Diabetes & Sexual & Urologic Problems

Diabetes & Sexual & Urologic Problems

Troublesome bladder symptoms and changes in sexual function are common health problems as people age. Having diabetes can mean early onset and increased severity of these problems. Sexual and urologic complications of diabetes occur because of the damage diabetes can cause to blood vessels and nerves. Men may have difficulty with erections or ejaculation. Women may have problems with sexual response and vaginal lubrication. Urinary tract infections and bladder problems occur more often in people with diabetes. People who keep their diabetes under control can lower their risk of the early onset of these sexual and urologic problems. Diabetes and Sexual Problems Both men and women with diabetes can develop sexual problems because of damage to nerves and small blood vessels. When a person wants to lift an arm or take a step, the brain sends nerve signals to the appropriate muscles. Nerve signals also control internal organs like the heart and bladder, but people do not have the same kind of conscious control over them as they do over their arms and legs. The nerves that control internal organs are called autonomic nerves, which signal the body to digest food and circulate blood without a person having to think about it. The body's response to sexual stimuli is also involuntary, governed by autonomic nerve signals that increase blood flow to the genitals and cause smooth muscle tissue to relax. Damage to these autonomic nerves can hinder normal function. Reduced blood flow resulting from damage to blood vessels can also contribute to sexual dysfunction. What sexual problems can occur in men with diabetes? Erectile Dysfunction Erectile dysfunction is a consistent inability to have an erection firm enough for sexual intercourse. The condition includes the total inability to h Continue reading >>

How Does Diabetes Affect Your Sex Life?

How Does Diabetes Affect Your Sex Life?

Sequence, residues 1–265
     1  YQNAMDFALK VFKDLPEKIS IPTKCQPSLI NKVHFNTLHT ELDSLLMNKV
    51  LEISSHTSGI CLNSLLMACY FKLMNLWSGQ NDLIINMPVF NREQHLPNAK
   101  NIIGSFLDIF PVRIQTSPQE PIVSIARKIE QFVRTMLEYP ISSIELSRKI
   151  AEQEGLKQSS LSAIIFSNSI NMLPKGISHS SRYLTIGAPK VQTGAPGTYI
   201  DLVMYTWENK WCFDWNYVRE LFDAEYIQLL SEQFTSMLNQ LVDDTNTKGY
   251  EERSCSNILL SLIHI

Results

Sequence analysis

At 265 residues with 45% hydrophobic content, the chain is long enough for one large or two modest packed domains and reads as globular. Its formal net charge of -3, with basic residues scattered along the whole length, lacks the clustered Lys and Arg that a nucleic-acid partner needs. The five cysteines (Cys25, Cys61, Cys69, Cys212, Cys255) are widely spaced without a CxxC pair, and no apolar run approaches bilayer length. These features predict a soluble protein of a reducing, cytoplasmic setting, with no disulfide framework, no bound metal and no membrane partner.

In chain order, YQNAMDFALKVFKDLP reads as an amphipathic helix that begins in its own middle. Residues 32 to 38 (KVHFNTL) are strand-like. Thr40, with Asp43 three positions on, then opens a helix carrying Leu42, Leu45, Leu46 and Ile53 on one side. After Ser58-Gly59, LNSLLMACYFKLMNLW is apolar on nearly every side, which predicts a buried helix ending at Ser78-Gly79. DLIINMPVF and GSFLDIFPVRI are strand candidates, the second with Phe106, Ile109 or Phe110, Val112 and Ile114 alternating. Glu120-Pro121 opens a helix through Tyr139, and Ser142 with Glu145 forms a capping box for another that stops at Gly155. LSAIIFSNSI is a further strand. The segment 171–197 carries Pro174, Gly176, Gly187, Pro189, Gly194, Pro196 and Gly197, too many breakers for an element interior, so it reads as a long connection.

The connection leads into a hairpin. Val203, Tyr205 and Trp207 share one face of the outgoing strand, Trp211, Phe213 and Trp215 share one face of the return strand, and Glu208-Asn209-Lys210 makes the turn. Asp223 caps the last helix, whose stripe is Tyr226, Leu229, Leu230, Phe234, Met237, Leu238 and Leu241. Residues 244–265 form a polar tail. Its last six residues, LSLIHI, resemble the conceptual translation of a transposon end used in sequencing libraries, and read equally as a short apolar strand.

Having diabetes affects much more than a person's diet - it can impact every aspect of their life, including their sexual health. Similarly, it is not just the physical side effects of diabetes that cause problems. Diabetes can have an impact on a person's mental health, their sex drive, and their self-esteem. How does diabetes impact the sexual organs? Diabetes can affect the sexual health of both men and women in the following ways: Impact on women Damage caused by diabetes to the nerves can affect a woman's ability to sense sexual stimulation and arousal. This can affect the release of vaginal lubricant, which may result in painful sex and reduced ability to experience an orgasm. When a woman who has diabetes goes through the menopause, she may experience sudden drops in her blood sugar levels. This may affect a woman's sexual health because she may have to check her blood sugar before having sex. She might also experience symptoms of low blood sugar during sex. This may make sex seem more of an inconvenience than a pleasure. Women with diabetes are also more likely to experience infections, such as thrush, cystitis, and urinary tract infections. These can all impact the ability to have sexual intercourse. Impact on men Men with diabetes often have reduced testosterone levels, which can affect their sex drive. However, the main sexual health problem affecting men who have diabetes is an inability to achieve and, or, maintain an erection. According to the Joslin Diabetes Center, an estimated 50 percent of men who have had diabetes for 10 years experience erectile dysfunction (ED). In order for a man to achieve an erection, significant blood flow to the penis is required. However, diabetes damages the blood vessels, which can affect blood flow to the penis. Diabetes ca Continue reading >>